Snake-Handling and Redemption in Southern Appalachia, by Dennis Covington
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Dennis Covington writes about the snake handling rituals that go on in Scottsboro, Alabama, in March on 1992. While going to the services held at the churches, Covington realizes that he is not only doing a story on other people’s religions, but that he is also discovering his own religion. Covington creates feelings of sympathy and disgust for me while he talks about snake handling in southern churches. Through Covington’s eyes I was exposed to his spiritual journey, family, and southern beliefs about snake handling. Covington’s spiritual journey throughout Salvation on Sand Mountain was shocking. It makes one think that the phrase “everything happens for a reason” really is true. His first experience in a serpent-handling church was “exhilarating and unsettling” (11). Especially compared to Covington’s small Methodist church in Birmingham, Al. The snake-handling church on Sand Mountain seemed to bring a different point of view to Covington about his spiritual life. For example, Covington stated that “he wanted to experience more” (11) because the services at The Church of Jesus with Signs Following always seemed to leave Covington wondering about what was going to happen next.
Dennis Covington began to get closer to the congregation and he soon had a taste for handling snakes. After he became familiar with the church services, he began to invite his family to come along. Covington’s daughter, Ashley, also had an influence on Covington becoming more interested in the snake handling ritual. She was the one person that he thought would never like an act such as snake handling. Her reaction to the services startled him. “The raw hillbilly music had been imprinted on her genes, like something deep within her she was remembering” (114).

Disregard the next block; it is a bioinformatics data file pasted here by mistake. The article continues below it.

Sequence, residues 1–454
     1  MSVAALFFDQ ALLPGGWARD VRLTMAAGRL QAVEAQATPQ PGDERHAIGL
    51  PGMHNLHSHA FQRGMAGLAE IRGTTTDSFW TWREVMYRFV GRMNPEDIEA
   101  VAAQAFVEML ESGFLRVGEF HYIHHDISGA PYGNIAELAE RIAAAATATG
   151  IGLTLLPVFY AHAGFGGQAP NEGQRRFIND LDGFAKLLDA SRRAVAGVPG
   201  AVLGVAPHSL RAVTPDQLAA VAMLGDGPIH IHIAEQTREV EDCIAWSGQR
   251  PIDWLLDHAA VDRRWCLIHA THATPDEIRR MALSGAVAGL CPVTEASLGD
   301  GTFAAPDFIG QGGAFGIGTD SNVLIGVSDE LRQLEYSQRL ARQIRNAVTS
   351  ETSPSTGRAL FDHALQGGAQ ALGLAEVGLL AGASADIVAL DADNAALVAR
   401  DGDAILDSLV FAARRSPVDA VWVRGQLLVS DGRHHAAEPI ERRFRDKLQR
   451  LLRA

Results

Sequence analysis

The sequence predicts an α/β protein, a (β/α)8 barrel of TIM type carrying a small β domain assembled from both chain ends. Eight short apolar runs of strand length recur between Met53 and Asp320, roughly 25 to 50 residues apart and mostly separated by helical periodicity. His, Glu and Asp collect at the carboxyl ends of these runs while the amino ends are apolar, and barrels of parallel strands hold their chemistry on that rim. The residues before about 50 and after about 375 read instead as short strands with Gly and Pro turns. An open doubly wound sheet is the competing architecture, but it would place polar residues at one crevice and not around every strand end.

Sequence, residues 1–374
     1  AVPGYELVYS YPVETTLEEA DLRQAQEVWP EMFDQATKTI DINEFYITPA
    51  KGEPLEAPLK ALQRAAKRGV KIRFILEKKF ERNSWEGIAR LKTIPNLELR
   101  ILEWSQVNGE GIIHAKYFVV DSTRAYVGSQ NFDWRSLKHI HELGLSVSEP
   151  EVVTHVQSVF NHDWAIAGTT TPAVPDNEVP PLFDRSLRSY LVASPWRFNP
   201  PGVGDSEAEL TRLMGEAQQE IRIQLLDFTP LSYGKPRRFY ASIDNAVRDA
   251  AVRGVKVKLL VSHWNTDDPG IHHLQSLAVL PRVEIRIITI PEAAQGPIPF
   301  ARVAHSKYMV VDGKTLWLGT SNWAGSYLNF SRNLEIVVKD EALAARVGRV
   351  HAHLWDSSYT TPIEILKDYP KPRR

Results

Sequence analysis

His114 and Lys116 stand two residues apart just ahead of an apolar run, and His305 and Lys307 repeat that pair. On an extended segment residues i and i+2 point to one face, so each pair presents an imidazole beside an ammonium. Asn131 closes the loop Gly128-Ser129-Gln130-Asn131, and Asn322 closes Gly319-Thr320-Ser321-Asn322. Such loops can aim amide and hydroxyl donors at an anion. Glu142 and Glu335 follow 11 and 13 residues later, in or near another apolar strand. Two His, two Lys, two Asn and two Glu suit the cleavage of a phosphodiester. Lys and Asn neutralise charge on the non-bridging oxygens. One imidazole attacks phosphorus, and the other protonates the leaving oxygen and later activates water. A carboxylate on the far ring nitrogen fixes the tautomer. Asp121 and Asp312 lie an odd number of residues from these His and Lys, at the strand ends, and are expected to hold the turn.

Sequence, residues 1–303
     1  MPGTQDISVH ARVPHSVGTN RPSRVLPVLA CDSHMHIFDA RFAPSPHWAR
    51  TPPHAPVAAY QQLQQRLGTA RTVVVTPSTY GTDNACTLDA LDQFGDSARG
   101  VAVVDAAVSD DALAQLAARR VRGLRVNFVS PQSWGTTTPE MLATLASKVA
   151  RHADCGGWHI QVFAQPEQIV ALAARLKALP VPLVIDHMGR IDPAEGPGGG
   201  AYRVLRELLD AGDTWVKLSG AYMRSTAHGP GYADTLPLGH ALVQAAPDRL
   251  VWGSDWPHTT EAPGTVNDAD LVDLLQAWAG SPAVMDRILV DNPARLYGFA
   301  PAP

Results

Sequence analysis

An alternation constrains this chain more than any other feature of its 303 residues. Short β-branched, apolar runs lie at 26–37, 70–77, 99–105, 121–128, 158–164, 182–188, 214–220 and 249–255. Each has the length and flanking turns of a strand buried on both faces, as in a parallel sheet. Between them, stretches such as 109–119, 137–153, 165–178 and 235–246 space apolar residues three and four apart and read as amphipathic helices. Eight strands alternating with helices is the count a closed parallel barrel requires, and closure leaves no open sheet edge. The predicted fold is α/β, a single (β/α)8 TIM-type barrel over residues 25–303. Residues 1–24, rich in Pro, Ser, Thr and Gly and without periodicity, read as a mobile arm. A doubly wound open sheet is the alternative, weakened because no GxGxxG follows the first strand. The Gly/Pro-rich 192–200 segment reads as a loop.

Ashley’s reaction to the ritual brought on a more determined and willing Covington to search their family history and see if anyone was once a snake handler. The southerners’ beliefs about snake handling were questionable and troubling. They quoted the Bible word for word, but they also took it for the face value and did not look for God’s hidden meanings. For instance, they believed that speaking in tongues, anointing one another with oil, drinking poison, handling fire, and taking up poisonous snakes were all things that God intended for everyone to do. Brother Carl stated that “The Bible says you’re gonna suffer for your faith” (134), meaning if the Bible says to handle a snake and you get bit as a result, it’s just part of your faith. Does this mean dying is part of your faith?
When a rattlesnake bit Mrs. Craig she was asked if she wanted a doctor, “anything for ease” (149) was her reply to the question. As a result someone in the church felt that she would lose her faith if she called the doctor. The people of the church of Jesus With Signs Following believed that if you were in and of the word enough, you would suffer from a snakebite and risk dying to prove your faith. Throughout Covington’s spiritual journey and the religious beliefs of the southerners, Salvation on Sand Mountain leaves me wondering why people are like this. Snake handling among many other southern beliefs are what drive northerners to have a narrow-minded view of people that live in the south. In reality, we southerners give ourselves a bad name. For example, “Old Jesus Onlys, freaks, and Holy Rollers” (25) are some of the names outsiders called the members of Jesus With Signs Following. However, the people of the church did not let ridicule stop them from doing what they thought the Lord intended for them to do. I believe that we shouldn’t judge the ones that have faith in these certain beliefs. We should just worry about our religion and our beliefs and how we know and trust God.